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Jazz group crafts album

Release of music provides students experience, merit

By Veronica Santos, scene editor
On February 17, 2014

  • Music majors Stephanie Rios (right) and Selenne Hernandez (middle) are showcased on the latest album by Jazzanova and JAZZ-ology titled “Starting Here, Starting Now.”. George Morin / The Advocate

As part of its curriculum, the music department's jazz ensembles, Jazzanova and Jazz-Ology, are currently working on their third album, which will be released next spring.
Released in May 2013, their second CD, "Starting Here, Starting Now" was a two-year project that showcased the talent of two generations of Jazzanova and Jazz-Ology members. Jazz-Ology member and department assistant Stephanie Rios said they are currently working on releasing the album through music streaming programs such as iTunes.
The Music Building's brand new recording studio will be used for the first time this spring to record the upcoming CD's rhythm section. Recording for vocals will take place in Milpitas with Grammy award winning producer Bill Hare, who is also a producer for NBC's show The Sing Off.
"We record each year - this spring, and we'll record next spring, and we will also release next spring. It's a two-year cycle," music professor Dr. Stephanie Austin said. "Four groups are represented. Jazzanova and Jazz-Ology this year, and Jazzanova and Jazz-Ology next year."
Dr. Austin said most people do not understand the financial side to releasing a CD.
"We're not given the money to do this. We raise every single dime," she said. According to Austin, nearly $9,500 is used to record, compared to the $25-$30,000 that low-budget CDs usually cost.
"So we're really putting this out economically," Austin said. Fundraising is made possible through Jazz-Ology, whose main goal is raising money for the CD.
"What's cool about (releasing an album every two years) is that usually people who are in Jazzanova one year might be in Jazz-Ology the next year," Jazz-Ology member Selenne Ruiz said. "So it's really cool to hear how your voice changes."
The process is done within a time crunch. "As far as production goes, you just have to communicate...we had a two to three week turnaround (on "Starting Here, Starting Now")," said Rios. Communication must be precise. They must communicate with graphic designers, account managers and make sure tracks are available on time. Austin said that it took two weeks to mix, duplicate and ship their last CD, prior to it being released at their spring music showcase.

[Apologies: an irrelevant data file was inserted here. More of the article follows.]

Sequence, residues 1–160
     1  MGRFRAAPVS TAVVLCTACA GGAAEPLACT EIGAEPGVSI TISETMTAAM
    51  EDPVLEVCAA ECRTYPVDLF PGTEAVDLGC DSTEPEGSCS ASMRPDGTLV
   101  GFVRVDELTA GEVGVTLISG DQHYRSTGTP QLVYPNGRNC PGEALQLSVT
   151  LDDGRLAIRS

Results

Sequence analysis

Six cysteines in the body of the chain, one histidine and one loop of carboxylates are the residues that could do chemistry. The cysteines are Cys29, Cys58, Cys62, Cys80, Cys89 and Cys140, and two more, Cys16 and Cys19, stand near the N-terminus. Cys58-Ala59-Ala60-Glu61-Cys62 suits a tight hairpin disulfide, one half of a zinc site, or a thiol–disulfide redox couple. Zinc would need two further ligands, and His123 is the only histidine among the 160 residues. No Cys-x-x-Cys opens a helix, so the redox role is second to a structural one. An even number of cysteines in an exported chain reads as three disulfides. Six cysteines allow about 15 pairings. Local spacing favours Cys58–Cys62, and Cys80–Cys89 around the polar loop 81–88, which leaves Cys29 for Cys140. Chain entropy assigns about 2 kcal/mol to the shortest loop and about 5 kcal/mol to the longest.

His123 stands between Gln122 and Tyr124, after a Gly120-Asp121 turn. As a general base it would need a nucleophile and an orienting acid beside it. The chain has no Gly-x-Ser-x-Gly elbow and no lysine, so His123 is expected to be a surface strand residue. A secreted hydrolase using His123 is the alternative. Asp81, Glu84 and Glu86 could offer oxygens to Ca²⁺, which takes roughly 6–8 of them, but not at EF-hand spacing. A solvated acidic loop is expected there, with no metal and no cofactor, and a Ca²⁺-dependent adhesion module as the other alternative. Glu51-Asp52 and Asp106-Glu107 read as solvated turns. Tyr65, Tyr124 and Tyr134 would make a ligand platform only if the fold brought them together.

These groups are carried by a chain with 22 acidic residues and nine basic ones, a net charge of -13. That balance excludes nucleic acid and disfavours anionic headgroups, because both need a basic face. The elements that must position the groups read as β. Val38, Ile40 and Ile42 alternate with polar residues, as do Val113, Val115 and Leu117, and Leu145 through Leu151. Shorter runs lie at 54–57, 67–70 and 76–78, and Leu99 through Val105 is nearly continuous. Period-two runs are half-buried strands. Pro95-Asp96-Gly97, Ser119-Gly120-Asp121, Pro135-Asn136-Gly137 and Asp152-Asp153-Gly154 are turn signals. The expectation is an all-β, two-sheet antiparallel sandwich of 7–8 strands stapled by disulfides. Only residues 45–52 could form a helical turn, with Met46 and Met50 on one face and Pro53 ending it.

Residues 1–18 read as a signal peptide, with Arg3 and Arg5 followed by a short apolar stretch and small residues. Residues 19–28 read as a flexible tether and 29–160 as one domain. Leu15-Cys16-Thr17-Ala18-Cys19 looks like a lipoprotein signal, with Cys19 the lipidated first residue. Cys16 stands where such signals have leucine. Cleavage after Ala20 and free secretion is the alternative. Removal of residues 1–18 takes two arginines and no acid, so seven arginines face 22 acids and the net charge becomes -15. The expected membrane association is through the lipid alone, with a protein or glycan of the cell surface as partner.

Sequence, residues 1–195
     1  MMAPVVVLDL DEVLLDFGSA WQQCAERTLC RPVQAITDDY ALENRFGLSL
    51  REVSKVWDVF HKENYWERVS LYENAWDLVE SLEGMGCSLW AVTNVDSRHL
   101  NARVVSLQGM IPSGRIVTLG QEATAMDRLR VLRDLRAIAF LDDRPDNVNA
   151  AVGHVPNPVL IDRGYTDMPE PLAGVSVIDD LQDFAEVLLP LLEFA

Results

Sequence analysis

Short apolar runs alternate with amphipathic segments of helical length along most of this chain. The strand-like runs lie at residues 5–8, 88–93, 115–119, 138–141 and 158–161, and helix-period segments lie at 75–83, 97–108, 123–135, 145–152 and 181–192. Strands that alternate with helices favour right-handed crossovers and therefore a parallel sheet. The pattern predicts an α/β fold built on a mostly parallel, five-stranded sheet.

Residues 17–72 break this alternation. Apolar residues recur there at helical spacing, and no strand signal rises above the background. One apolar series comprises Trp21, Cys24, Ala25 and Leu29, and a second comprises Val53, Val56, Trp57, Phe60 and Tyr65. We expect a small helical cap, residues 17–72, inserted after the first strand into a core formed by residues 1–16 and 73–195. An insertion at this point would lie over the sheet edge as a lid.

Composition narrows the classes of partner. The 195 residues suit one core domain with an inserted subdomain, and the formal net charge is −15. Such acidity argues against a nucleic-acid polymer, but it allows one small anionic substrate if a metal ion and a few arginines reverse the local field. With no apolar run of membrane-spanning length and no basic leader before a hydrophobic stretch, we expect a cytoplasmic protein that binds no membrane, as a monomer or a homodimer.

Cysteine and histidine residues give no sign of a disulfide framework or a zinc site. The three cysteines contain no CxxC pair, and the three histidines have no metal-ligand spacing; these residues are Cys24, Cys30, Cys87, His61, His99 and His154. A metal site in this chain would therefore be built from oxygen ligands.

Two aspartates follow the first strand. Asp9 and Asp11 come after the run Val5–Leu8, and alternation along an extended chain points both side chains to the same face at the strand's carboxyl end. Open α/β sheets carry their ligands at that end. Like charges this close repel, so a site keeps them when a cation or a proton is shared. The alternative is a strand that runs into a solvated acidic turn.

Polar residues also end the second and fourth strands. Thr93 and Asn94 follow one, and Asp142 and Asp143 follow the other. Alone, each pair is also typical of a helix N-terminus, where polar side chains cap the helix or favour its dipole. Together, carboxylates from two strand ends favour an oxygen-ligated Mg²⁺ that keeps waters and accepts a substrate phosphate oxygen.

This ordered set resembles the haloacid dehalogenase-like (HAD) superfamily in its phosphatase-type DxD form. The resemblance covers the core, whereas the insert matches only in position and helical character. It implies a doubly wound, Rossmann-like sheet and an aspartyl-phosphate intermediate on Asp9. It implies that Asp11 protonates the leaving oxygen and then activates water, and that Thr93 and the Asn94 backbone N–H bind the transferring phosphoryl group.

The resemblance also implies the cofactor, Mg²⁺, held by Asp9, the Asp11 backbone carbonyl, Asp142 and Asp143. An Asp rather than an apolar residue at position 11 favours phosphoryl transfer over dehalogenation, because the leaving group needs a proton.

Jazz-Ology member John Matthew compared his experience to a "9mm gun with a 50 caliber bullet." Matthew said, "I was nervous because (Hare) has recorded with award winning artists. Just to be in that recording studio was a privilege."
The album title, "Starting Here, Starting Now," was chosen because it was the most personal song for Jazzanova members, according to Rios. "We put the extra work into that song because it's so emotional," Ruiz said.
Due to the 2011-12 Jazzanova members all being Spanish speakers, Rios said they made the song their own by working together to translate and change the lyrics into Spanish. "So we opened up in Spanish and it was the most personal," she said.
For Austin, the most difficult part of her job is the inability to pick literature for the groups in advance. She must first see who comes in, hear how they sound and find charts which will fit with their sound.
"You don't pick the literature and then pick the group, you pick the group and then pick the literature," she said. This keeps the groups from singing songs which do not fit who they are as vocalists.
The groups learn between four to eight pieces of music throughout the year. By March, the group decides by consensus which three or four songs they will record.
"Listening to the recording is a reward because we can never capture what we're doing with our cell phones," Jazz-Ology member Eben Miller said. "It has also made me appreciate the other people in my group a lot, to be able to hear their voices crystal clear." 

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